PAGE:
Flushing a radiator is a relatively simply job for a weekender mechanic with a basic tool set and a drain pan. We will talk you through a procedure after we discuss the importance and frequency of performing a radiator flush.
Just flushing your radiator will probably help solve some of the problem you’re having, but in reality it is probably a full cooling system flush that will serve you and your vehicle better. The radiator is the most accessible and visible part of your cooling system, so it is often the only part that we think to keep clean and well maintained. Once the coolant in your vehicle exits the radiator, it travels through your water pump and into engine block and heater core before it returns to the radiator. The water pump, engine block and heater also build up sediment, deposits and sludge so they need to be properly flushed as often as your radiator. Luckily it is easy to flush the whole system at once.
Newer cars do not require coolant flushes as much as your grandfather’s 2 door Plymouth coupe did. Old style brass or copper radiators combined with older water pump and coolant technologies lead to a lot of corrosion products and sludge build up in automobile cooling systems requiring very regular system flushes. New vehicles with aluminum radiators and cylinder heads, along with better water pump bearing and seals, combined with new high quality corrosion inhibiting coolants have helped keep modern automotive cooling systems much cleaner. You should check your vehicle owner’s manual to see how often your engine coolant should be replaced and perform a cooling system flush every time new coolant is added. For most new cars and trucks the system should be flushed at least every 100,000 miles. If you do not know when the last time your system was flushed, it would be better to be safe than broken down, so perform a cooling system flush on your vehicle soon.
Cooling System Flush Procedure:
1.) Ensure your vehicle is on a level surface, parked securely with the wheels blocked. Also make sure your heater is turned all the way to “hot” and the fan is blowing.
2.) While radiator is cool, remove radiator cap. Position your drain pan under the radiator drain. Open the radiator drain and allow coolant to flow out until it stops. If your vehicle is equipped with an engine block drain, position your drain pan and open that drain allowing the engine block to completely drain as well. Dispose of the used antifreeze at your local auto parts store or hazardous material transfer station in accordance with local law, and to protect our environment.
3.) Fill the cooling system completely with water. Start your engine and allow it to run at idle for 10 minutes, or until it has reached normal operating temperature. Be sure to keep a careful eye on your engine temperature gauge during this step. If your vehicle begins to overheat, turn the engine off immediately and let it cool.
4.) With your radiator and engine cool again, drain the water from the cooling system just like you did in step 1 draining the radiator and the block.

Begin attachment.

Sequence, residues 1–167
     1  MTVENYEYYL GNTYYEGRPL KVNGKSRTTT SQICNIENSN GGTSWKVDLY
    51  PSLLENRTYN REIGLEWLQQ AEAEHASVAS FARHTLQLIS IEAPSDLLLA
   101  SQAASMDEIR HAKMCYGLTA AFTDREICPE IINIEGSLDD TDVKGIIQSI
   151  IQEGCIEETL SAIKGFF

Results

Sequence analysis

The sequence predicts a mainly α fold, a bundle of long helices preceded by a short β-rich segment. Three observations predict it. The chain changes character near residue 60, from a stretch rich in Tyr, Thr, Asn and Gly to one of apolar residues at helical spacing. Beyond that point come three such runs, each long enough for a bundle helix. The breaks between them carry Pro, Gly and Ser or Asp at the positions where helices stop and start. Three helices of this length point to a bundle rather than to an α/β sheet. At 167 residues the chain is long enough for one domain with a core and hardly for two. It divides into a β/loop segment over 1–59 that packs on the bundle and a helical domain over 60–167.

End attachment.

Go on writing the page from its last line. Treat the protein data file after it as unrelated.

5.) With all the drains closed, add BlueDevil Radiator Flush to your radiator and top off the system with water. Once you have about 2 gallons of water in the cooling system start the engine and let it warm up. As it warms continue to add water to the radiator until you see water flowing through the radiator and the upper radiator hose is hot. Top off the system with water and replace the radiator cap.
6.) Let your engine idle with the radiator flush inside for at least 10 minutes, but time and weather permitting run your vehicle for 3-6 hours with the radiator flush and water solution in your cooling system. This will provide a deep clean and restore your cooling system to top efficiency. While driving, keep an eye your temperature gauge to make sure it doesn’t overheat and make sure the outside temperature does not drop below 32 degrees to prevent freezing.
7.) With the engine again cool, drain the Radiator Flush and water mixture. With all the drain plugs open, flush the system thoroughly with water allowing it to flow into the radiator cap and out of the radiator and block drains until clear water runs freely out.
8.) Close all drain plugs and add the manufacturer’s recommended type and amount to your radiator. Just like step 5, you may have to add most of the antifreeze, then start and run the engine up to operating temperature to allow coolant to flow through the engine and radiator removing bubbles and allowing room for all the antifreeze.
It is best to purchase all the products you will need before starting any project. You can pick up the required amount of antifreeze at your local dealership or auto parts store.
You can order BlueDevil Radiator Flush online. or it can also be ordered at your participating local retailers:
- Bennett Auto Supply
- Prime Automotive Warehouse
- CarQuest Auto Parts
- Advance Auto Parts
- O’Reilly Auto Parts
Pictures provided by: mike-thomson.com and www.totalautowny.com
74 responses to "How to Flush a Radiator"